Logisticians are responsible for product production or acquisition, distribution, delivery, and resource disposal. Students interested in entry-level careers in logistics can pursue associate's degrees in business logistics management. Those who want to become logistics specialists or managers can complete bachelor's degree programs in logistics management, which may offer specializations in sales, management, or marketing. Bachelor's holders have the education to become certified. Those who complete master's degrees in logistics have a range of job options in the logistics and supply chain management field.
Associate of Applied Science in Business Logistics Management
An A.A.S. degree program in Business Logistics Management combines the study of business and management essentials with practical training in relevant logistics technology and computer information systems. Students in this associate's degree program learn to communicate effectively with employees, review supply and demand trends, and coordinate product delivery. Emphasis is placed on critical-thinking and diligent record-keeping as it relates to supply chain management. Other topics of instruction include inventory control, warehouse and distribution management, traffic management, and international logistics.
Prospective students must have a high school diploma or its equivalent to apply and may be required to demonstrate proficiency in basic math and writing skills through an assessment test.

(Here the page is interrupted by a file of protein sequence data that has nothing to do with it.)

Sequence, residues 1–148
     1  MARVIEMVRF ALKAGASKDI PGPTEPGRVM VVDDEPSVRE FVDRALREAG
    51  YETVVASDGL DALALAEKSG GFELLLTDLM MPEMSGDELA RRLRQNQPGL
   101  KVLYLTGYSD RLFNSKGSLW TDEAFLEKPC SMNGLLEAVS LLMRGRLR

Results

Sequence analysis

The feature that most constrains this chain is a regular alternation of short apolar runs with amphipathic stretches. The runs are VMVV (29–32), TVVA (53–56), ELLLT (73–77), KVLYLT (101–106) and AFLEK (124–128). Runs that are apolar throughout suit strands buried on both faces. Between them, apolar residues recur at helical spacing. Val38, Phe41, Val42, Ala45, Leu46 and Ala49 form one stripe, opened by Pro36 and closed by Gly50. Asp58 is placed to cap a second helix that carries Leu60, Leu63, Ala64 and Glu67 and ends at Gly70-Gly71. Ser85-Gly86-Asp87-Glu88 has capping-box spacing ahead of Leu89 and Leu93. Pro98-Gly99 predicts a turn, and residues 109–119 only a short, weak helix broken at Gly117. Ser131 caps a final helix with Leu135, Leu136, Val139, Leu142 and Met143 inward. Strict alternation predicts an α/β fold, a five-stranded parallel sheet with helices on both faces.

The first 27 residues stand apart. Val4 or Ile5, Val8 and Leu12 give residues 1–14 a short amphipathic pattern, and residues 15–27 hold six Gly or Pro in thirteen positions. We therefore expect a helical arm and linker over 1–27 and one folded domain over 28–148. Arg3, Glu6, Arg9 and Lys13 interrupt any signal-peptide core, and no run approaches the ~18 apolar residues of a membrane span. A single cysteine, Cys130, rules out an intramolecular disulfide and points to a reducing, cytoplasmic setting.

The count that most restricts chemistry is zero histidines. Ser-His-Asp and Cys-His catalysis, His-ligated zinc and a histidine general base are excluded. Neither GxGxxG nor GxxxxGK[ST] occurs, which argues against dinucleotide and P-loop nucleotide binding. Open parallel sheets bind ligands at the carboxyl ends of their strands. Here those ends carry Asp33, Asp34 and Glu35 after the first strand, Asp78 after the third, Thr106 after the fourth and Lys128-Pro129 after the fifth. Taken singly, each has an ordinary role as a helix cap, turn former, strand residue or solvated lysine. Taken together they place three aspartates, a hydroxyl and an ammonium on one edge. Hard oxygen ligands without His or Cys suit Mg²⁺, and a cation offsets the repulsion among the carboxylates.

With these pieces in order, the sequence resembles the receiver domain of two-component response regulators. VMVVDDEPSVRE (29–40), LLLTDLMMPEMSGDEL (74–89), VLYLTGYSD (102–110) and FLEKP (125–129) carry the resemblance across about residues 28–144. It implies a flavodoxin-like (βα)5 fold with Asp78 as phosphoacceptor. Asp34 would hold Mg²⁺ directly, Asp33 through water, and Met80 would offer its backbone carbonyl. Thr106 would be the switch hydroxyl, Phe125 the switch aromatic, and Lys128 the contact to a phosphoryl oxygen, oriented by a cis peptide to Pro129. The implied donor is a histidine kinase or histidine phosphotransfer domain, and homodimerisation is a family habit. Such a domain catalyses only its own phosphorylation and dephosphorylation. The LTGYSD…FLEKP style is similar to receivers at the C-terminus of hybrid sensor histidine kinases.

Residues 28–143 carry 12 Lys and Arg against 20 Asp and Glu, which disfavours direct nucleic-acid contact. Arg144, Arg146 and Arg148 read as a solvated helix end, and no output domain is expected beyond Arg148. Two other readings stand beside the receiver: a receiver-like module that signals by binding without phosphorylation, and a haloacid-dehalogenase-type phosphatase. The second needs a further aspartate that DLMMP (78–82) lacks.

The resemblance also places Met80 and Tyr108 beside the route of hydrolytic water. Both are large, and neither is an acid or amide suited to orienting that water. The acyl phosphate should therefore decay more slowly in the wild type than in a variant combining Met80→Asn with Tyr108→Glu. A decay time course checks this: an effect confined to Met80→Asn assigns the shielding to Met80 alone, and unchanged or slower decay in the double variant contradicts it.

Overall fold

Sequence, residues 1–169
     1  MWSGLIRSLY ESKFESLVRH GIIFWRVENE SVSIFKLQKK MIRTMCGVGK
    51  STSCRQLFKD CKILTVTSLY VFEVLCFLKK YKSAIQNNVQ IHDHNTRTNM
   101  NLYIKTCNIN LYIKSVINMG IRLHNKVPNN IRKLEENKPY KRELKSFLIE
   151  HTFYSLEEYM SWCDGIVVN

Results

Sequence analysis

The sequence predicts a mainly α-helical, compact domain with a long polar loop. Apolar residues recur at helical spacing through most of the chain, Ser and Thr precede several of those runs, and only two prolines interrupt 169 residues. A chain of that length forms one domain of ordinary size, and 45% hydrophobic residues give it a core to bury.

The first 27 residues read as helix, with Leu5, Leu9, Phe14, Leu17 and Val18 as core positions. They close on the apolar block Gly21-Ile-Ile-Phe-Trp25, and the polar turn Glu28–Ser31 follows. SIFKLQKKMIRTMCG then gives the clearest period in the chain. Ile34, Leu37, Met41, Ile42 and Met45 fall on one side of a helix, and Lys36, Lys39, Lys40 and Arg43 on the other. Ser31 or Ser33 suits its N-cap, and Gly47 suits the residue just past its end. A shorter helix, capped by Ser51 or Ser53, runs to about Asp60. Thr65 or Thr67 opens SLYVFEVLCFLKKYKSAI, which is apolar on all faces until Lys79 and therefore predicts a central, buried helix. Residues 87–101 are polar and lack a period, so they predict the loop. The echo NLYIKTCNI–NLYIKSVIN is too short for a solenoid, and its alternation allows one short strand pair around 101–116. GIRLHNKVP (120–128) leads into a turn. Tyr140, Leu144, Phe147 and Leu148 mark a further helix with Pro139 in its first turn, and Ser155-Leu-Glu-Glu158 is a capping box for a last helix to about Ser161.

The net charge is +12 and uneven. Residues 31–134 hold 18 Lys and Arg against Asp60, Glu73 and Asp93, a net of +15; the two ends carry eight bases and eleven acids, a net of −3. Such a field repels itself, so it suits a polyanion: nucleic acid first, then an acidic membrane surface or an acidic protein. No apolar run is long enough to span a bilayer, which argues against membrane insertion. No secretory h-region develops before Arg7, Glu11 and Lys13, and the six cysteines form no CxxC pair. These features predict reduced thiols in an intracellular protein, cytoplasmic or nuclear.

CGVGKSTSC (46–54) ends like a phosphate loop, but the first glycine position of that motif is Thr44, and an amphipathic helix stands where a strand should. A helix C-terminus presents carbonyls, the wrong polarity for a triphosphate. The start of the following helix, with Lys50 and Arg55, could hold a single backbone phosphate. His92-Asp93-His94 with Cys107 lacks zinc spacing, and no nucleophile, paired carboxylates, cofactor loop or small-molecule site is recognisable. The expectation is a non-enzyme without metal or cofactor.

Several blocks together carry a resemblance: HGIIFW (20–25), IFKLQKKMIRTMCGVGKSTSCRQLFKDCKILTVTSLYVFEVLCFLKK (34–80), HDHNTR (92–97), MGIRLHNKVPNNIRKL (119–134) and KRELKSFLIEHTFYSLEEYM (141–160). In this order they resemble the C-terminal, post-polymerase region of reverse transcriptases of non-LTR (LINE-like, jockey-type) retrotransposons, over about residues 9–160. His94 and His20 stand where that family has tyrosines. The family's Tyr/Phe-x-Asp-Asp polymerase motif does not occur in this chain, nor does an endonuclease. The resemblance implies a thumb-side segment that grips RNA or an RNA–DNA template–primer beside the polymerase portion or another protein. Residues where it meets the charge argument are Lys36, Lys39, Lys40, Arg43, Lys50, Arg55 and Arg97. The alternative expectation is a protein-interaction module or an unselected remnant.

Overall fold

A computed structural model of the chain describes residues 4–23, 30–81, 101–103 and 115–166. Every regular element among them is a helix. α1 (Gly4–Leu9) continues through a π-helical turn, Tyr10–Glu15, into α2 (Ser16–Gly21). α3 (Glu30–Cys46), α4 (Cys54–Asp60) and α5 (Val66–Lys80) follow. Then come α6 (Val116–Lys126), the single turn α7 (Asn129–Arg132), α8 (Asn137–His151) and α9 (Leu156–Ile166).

Associate's degree programs in business logistics management are typically two-year programs. Courses focus on materials handling, economics of transportation and distribution, materials requirement planning, and principles of traffic management. Some common core courses include:
- Introduction to business
- Principles of management
- Management information systems
- Introduction to supply chain management
- Leadership and human resource management
- Software applications for logistics
Bachelor of Arts in Logistics Management
This program focuses on the effective management of supply chains. Students learn to enhance customer service, reduce inventory costs, and help organizations become more competitive in a global market. Other topics of instruction include transportation regulations, strategic planning, logistics cost analysis, and the use of information technology in supply chain management. The logistics major can choose to concentrate on the operations track, which focuses on marketing and sales, or the systems track, which trains students to analyze data for strategic planning.
Most B.A. programs in logistics management take four years of study to complete and often include an internship with a local firm. After completing this program, students are eligible to become professionally certified by the American Society of Transportation and Logistics. Common coursework includes:
- Principles of purchasing management
- Finance and economics for managers
- Inventory and warehouse management
- Transportation systems management
- Introduction to operations management
- Leadership and organizational behavior
Master of Science in Logistics & Supply Chain Management